Isaac Asimov wrote classic science fiction like “The Foundation Series” but it wasn’t good enough for him. He ended up writing 500 more books, writing more books than anyone in history.
Larry Page keeps pushing so that every day he wakes up knowing he’s going to go past “good enough” that day.
What does your “good enough” day look like. What’s one thing that moves you past that?
"My job as a leader is to make sure everybody in the company has great opportunities, and that they feel they’re having a meaningful impact and are contributing to the good of society."
Whenever I’ve managed companies and have had the small opportunity to be a leader I’ve judged my success on only one thing:
Does the employee at night go home and call his or her parents and say, “guess what I did today!”
I’m not sure this always worked. But I do think Larry Page lifts all his employees to try to be better versions of themselves, to try to surpass him, to try and change the world.
If each employee can say, “who did I help today” and have an answer, then that is a good leader.
Empowering others, empowers you.
"Lots of companies don’t succeed over time. What do they fundamentally do wrong? They usually miss the future."
The stock market is near all time highs. And yet every company in the original Dow Jones market index (except for GE) has gone out of business.
Even US Steel, which built every building in the country for an entire century, has gone bankrupt.
Never let the practical get in the way of the possible.
It’s practical to focus on what you can do right now.
But give yourself time in your life to wonder what is possible and to make even the slightest moves in that direction.
We’re at maybe 1% of what is possible. Despite the faster change, we’re still moving slow relative to the opportunities we have. I think a lot of that is because of the negativity… Every story I read is Google vs someone else. That’s boring. We should be focusing on building the things that don’t exist.
Sometimes I want to give up on whatever I’m working on. I’m not working on major billion person problems.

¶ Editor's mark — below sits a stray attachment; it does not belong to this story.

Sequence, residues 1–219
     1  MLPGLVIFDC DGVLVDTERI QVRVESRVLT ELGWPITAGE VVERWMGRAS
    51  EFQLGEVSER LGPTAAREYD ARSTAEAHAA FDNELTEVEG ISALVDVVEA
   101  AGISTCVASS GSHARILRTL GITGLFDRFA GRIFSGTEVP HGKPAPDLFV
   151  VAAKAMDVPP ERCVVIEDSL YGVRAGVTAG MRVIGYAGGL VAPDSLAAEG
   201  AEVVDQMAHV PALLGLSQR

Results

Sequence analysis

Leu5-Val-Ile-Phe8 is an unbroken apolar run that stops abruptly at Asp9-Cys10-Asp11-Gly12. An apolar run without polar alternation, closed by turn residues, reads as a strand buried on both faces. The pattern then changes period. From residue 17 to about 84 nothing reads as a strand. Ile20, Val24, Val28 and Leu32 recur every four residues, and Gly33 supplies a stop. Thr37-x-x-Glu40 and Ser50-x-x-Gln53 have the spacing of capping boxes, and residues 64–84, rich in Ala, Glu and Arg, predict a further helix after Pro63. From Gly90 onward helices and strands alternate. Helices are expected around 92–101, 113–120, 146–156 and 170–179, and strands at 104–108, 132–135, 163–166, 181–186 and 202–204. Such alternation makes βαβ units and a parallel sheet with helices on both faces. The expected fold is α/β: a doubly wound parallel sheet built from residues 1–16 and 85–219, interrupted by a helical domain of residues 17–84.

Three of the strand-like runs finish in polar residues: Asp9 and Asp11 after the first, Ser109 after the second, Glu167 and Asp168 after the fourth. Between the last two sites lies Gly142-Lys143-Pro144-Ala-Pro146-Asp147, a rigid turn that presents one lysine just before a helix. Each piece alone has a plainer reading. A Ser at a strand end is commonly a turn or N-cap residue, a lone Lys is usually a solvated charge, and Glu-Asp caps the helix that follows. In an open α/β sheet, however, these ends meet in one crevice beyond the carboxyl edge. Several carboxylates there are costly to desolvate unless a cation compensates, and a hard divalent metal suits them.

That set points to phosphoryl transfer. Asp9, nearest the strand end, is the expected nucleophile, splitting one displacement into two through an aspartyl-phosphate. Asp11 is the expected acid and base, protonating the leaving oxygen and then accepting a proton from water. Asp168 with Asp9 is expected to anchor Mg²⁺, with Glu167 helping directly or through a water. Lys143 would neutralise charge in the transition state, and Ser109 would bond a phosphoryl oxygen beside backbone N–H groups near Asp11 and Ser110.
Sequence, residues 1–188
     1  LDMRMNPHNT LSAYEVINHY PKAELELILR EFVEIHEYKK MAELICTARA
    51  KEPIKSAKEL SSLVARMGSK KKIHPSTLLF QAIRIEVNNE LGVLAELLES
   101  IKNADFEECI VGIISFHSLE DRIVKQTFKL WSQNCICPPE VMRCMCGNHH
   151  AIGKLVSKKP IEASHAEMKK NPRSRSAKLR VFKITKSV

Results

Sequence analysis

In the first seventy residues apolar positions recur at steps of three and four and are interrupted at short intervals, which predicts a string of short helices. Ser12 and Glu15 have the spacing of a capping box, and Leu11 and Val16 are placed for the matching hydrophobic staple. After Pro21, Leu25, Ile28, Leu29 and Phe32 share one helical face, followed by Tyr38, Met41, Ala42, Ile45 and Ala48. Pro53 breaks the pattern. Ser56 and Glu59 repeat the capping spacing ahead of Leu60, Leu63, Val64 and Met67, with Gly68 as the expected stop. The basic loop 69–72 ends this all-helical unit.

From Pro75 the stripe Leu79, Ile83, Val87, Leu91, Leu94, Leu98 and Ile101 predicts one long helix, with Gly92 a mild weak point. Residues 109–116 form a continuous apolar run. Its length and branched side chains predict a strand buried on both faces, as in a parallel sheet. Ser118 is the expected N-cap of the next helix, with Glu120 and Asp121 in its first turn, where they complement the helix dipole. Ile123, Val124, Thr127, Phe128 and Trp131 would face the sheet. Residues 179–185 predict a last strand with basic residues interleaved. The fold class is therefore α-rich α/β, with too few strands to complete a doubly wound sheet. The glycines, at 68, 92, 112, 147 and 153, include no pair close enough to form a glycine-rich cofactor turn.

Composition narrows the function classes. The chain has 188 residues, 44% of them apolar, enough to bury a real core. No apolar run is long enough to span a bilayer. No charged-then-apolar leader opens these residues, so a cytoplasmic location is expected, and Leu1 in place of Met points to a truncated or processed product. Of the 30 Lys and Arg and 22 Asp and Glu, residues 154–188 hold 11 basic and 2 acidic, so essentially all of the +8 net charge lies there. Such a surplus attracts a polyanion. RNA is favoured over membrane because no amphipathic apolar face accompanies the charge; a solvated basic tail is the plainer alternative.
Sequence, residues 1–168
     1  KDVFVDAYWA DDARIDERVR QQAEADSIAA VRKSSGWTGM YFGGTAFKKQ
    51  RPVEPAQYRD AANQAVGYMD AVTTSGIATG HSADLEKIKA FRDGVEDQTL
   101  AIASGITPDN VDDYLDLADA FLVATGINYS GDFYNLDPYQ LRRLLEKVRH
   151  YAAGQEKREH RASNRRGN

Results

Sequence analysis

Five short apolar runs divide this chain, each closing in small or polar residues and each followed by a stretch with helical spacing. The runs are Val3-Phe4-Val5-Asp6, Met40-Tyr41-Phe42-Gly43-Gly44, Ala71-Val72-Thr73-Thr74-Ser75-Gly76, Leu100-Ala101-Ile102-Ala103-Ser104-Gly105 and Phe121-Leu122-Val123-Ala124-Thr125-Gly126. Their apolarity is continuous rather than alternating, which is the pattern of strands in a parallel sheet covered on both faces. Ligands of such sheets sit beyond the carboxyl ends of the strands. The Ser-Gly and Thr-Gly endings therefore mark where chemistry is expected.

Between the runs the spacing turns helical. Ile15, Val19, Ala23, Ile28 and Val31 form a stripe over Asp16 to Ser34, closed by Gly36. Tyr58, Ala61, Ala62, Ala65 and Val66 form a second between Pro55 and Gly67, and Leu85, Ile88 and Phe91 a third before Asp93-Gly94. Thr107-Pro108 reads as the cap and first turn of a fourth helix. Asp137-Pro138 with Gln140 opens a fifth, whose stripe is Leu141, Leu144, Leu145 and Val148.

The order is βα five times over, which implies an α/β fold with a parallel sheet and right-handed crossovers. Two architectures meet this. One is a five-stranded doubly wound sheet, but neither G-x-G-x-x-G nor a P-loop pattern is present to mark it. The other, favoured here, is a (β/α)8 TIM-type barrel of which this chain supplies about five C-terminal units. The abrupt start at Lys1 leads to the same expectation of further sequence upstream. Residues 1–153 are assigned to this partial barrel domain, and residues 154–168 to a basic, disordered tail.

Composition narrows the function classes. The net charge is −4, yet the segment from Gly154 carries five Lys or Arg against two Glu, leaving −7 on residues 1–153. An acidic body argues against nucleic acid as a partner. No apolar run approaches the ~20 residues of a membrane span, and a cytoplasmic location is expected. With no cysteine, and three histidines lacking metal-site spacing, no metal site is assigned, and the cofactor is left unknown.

And sometimes I think I write too much about the same thing. Every day I try to think, “What new thing can I write today” and I actually get depressed when I can’t think of something totally new.
But I am working on things that I think can help people. And if you are out side of people’s comfort zones, if you are breaking the normal rules of society, people will try to pull you down.
Larry Page didn’t want to be defined by Google for his entire life. He wants to be defined by what he hasn’t yet done. What he might even be afraid to do.
I wonder what my life would be like if I started doing all the things I was afraid to do. If I started defining my life by all the things I have yet to do.
"Many leaders of big organizations, I think, don’t believe that change is possible. But if you look at history, things do change, and if your business is static, you’re likely to have issues."
Guess which company had the original patent that ultimately Larry Page derived his own patent (that created google) from?
Go ahead. Think a second. Guess.
An employee of this company created the patent and tried to get them to use it to catalog information on the web.
So Robin Li, an employee of The Wall Street Journal, quit the newspaper of capitalism (who owned his patent), moved to China (a communist country), and created Baidu.
And Larry Page modified the patent, filed his own, and created Google.
And the Wall Street Journal got swallowed up by Rupert Murdoch and is dying a slow death.
"I think as technologists we should have some safe places where we can try out new things and figure out the effect on society."
A friend of mine is writing a novel but is afraid to publish it. “Maybe it will be bad,” he told me.
Fortunately we live in a world where experimentation is easy. You can make a 30 page novel, publish it on Amazon for nothing, use an assumed name, and test to see if people like it.